Yoshimoto Lab

Momoko Yoshimoto, MD, PhD
Momoko Yoshimoto, MD, PhD

Momoko Yoshimoto, MD, PhD, obtained her medical degree in Japan and completed a comprehensive five-year residency/fellowship in general Pediatrics and Pediatric Hematology-Oncology followed by one-year attending Pediatric Hematology-Oncologist. Dr. Yoshimoto involved dedicated care for pediatric leukemic patients through chemotherapy and stem cell transplantation, fueling her passion for advancing hematology research. This pursuit led her to earn a PhD from Kyoto University Graduate School of Medicine in 2003.

In 2005, Dr. Yoshimoto joined Dr. Mervin Yoder's lab at Indiana University School of Medicine as a postdoctoral researcher. Her groundbreaking work there unveiled the solid evidence of lymphoid potential in the extra-embryonic yolk sac of mouse embryos. She was appointed Research Assistant Professor in 2011, securing R56 and RO1 grants in 2015 and 2016. Her trajectory led her to be recruited as an Associate Professor at the Center for Stem Cell and Regenerative Medicine at McGovern Medical School, University of Texas Health Science Center at Houston, where she established her laboratory.

In September 2023, Dr. Yoshimoto was recruited to the Center for Immunobiology in the Department of Investigative Medicine at WMed, bringing her extensive expertise and securing her second R01 grant along with a new R21 grant. Dr. Yoshimoto has enthusiastically joined WMed and aims to enhance research activities within the institution through collaborations with other research laboratories.

Research Focus

Our research is dedicated to exploring how blood cells develop in mouse embryos, particularly focusing on the emergence of hematopoietic stem cells (HSCs) and progenitor cells from specialized endothelial cells known as hemogenic endothelial cells (HECs). In the early stages of mouse embryo development, the initial blood cells originate in the extra-embryonic yolk sac before the appearance of HSCs. It has been shown that multiple waves of blood formation occurring in various tissues, including the yolk sac, dorsal aorta, and placenta. Notably, our investigations revealed that the first B- and T-lymphoid progenitors also originate from endothelial cells in both the yolk sac and aortic regions independently of HSCs. These HSC-independent B-progenitors tend to mature into innate-like B-1 cells, while HSC-independent T cells demonstrate the potential to mature into various types of T cells. This paradigm-shifting discovery challenges the stem cell dogma that all blood cells stem solely from HSCs. Through the use of lineage tracing mouse models and transplantation assays that label HECs or HSCs, we have demonstrated the enduring presence of HEC-derived (fetal-derived) B- and T-cells into adulthood. Consequently, our focus has shifted to exploring the potential functional differences between HSC-independent and HSC-derived B- and T-cells.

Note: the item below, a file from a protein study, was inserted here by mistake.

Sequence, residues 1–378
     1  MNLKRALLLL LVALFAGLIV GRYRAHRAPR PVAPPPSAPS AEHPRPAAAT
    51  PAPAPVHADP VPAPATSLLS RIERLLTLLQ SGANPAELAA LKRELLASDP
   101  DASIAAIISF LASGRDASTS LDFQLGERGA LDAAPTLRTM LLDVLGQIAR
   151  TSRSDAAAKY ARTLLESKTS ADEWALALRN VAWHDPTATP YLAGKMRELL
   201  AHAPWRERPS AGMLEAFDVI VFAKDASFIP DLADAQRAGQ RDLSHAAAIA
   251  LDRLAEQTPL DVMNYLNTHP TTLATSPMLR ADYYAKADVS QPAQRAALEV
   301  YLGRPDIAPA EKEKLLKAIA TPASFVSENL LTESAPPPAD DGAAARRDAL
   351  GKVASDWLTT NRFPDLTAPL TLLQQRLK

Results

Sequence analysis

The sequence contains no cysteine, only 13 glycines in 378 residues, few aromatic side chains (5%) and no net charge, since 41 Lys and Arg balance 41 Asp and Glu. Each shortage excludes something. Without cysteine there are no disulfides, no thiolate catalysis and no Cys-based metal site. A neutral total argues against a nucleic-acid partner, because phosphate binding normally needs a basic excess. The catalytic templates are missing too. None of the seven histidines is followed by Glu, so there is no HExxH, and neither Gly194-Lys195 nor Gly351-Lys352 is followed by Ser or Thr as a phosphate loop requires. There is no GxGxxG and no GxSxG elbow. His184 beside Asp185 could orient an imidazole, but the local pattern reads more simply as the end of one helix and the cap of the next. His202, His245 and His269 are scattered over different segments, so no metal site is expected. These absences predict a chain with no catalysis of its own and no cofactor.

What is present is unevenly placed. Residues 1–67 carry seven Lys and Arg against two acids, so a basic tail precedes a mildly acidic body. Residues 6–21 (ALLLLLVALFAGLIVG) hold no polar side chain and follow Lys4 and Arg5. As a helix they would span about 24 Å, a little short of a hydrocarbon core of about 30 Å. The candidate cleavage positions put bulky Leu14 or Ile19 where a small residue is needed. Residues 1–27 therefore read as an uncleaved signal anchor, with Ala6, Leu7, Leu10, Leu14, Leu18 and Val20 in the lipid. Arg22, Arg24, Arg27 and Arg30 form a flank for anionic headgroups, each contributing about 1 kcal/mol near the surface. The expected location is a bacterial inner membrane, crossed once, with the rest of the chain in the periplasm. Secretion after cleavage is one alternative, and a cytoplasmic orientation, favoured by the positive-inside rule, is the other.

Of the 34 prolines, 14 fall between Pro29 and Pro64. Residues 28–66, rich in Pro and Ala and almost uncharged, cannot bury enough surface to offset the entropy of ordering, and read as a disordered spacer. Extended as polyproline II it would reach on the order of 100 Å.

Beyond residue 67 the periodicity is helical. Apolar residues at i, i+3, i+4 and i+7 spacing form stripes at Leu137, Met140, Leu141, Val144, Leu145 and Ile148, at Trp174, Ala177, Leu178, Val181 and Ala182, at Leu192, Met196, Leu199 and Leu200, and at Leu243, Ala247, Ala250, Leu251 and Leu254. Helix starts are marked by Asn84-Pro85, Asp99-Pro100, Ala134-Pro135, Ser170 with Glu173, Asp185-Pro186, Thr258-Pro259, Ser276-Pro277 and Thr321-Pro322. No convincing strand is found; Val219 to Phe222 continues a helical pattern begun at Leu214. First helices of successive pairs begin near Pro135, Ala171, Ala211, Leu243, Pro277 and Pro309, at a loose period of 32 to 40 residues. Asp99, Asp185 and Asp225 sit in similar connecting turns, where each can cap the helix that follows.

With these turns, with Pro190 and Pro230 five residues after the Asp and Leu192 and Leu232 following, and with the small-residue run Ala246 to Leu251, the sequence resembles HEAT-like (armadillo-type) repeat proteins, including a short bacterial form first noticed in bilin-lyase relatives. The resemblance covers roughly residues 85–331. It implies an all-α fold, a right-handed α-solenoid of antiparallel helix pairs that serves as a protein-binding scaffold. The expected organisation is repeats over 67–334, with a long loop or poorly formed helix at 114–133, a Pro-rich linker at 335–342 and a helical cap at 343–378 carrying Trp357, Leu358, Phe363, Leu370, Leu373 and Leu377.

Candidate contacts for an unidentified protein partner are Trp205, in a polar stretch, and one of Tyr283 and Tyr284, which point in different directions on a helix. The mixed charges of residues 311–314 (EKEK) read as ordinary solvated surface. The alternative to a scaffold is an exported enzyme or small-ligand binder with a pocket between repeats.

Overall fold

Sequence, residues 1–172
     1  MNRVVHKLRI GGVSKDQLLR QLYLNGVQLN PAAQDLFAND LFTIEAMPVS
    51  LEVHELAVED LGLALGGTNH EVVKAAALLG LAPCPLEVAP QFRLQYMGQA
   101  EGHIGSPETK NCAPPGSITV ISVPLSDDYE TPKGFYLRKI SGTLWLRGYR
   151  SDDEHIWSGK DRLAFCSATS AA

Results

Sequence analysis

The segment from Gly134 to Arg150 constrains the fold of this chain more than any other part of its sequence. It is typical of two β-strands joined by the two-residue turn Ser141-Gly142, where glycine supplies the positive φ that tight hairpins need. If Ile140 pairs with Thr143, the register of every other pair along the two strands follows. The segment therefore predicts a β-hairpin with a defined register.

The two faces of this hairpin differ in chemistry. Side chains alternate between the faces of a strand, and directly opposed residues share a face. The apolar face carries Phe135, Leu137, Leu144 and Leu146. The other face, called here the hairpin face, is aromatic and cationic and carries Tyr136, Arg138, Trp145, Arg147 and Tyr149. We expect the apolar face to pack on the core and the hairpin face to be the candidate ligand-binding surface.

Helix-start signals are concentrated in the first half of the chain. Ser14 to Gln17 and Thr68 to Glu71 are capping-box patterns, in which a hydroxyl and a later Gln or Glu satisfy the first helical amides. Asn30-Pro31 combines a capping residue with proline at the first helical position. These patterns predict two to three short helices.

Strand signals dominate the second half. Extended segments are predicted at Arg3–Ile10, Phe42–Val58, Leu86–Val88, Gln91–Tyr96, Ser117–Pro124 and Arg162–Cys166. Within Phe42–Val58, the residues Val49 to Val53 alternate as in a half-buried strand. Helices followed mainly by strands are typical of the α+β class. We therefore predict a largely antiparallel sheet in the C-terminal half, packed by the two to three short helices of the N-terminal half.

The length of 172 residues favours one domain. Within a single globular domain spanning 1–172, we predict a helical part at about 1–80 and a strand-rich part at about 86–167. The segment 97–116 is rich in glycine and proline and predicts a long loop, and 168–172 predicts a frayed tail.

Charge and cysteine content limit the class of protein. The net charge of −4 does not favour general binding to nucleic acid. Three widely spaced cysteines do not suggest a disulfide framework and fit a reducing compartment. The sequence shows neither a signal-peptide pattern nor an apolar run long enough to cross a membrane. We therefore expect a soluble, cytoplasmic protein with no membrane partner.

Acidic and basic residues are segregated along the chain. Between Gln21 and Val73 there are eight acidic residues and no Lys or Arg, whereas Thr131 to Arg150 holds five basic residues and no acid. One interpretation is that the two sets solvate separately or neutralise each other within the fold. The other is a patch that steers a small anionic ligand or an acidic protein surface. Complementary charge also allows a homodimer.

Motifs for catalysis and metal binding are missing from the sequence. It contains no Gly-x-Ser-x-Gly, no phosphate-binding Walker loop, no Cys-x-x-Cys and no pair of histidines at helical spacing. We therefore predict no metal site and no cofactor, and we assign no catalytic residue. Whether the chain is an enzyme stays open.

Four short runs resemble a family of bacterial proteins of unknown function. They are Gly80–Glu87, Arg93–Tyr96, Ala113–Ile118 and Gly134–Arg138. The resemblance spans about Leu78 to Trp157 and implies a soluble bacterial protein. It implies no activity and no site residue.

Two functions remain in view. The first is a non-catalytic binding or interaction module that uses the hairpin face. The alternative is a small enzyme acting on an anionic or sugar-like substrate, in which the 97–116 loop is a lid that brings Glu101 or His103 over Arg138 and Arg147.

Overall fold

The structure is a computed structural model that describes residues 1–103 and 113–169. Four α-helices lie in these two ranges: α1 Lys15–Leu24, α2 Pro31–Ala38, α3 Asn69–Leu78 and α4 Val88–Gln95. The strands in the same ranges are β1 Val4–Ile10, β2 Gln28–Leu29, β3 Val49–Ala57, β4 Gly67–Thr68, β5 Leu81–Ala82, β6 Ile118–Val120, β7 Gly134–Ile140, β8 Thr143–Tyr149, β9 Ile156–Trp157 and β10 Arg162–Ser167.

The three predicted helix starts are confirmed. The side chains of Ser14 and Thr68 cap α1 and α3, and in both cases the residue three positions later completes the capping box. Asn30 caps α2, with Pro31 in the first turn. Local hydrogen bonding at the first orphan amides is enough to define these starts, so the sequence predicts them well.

Mouse Embryo - Yoshimoto Lab
Whole mount staining of E10.5 mouse embryo. Green: CD31+ endothelial cells; Red: Runx1+ blood cells.

Our research has shown that a significant proportion of B-1 cells originate from HECs, independently of HSCs. B-1 cells play a crucial role by secreting natural IgM antibodies, which bind to oxidized-LDL found in apoptotic cells and atherosclerotic regions. This natural IgM is pivotal in clearing cell debris, curbing chronic inflammation, and preventing atherosclerosis. Our exploration of B-1 cells extends to their potential in alleviating age-related chronic inflammation (Inflammaging) and reducing atherosclerotic regions. Our prior research demonstrated that B cell progenitors derived from mouse ESCs successfully mature into B-1a cells when transplanted into immunodeficient mice. We aim to further investigate if these mouse ESC-derived B-1 cells can effectively impede atherosclerosis development in mouse models.

Additionally, our lineage tracing studies unveiled that intestinal IgA-secreting cells originate during fetal development. Our current R21 project aims to examine the specific roles played by IgA-secreting cells originating from different sources (fetal or HSC-derived) in addressing intestinal infectious conditions.

Moreover, our ongoing research delves into generating functional B-cells and HSPCs from human inducible pluripotent stem cells (iPSCs). This project holds promise not only in comprehending the development of hematopoietic cells in human embryos but also in pioneering immune cell therapy using innate lymphoid cells derived from human iPSCs.    

Current Projects

  1. Determine the hematopoietic lineage trees from endothelial cells in the embryo to adult mice.
  2. Determine the possible different functions between fetal-derived and HSC-derived B cells.
  3. Identifying the earliest innate lymphoid progenitors that seed the lamina propria of the intestine.
  4. Determine the preventive role of B-1 cells against atherosclerosis
  5. Examining the hematopoietic niche in the fetal liver in mice and humans.
  6. Inducing functional B cells from mouse and human pluripotent stem cells.

Lab Personnel

Michihiro Kobayashi, MD, PhD
  Michihiro Kobayashi, MD, PhD
  Assistant Professor
Kemin Su, PhD  Kemin Su, PhD
  Research Assistant

Recent Publications

Our laboratory group is committed to pursuing inquiry, disseminating knowledge, and fostering critical thinking that encourages lifelong learning. Take a look at a comprehensive listing of Dr. Yoshimoto's most recent publications.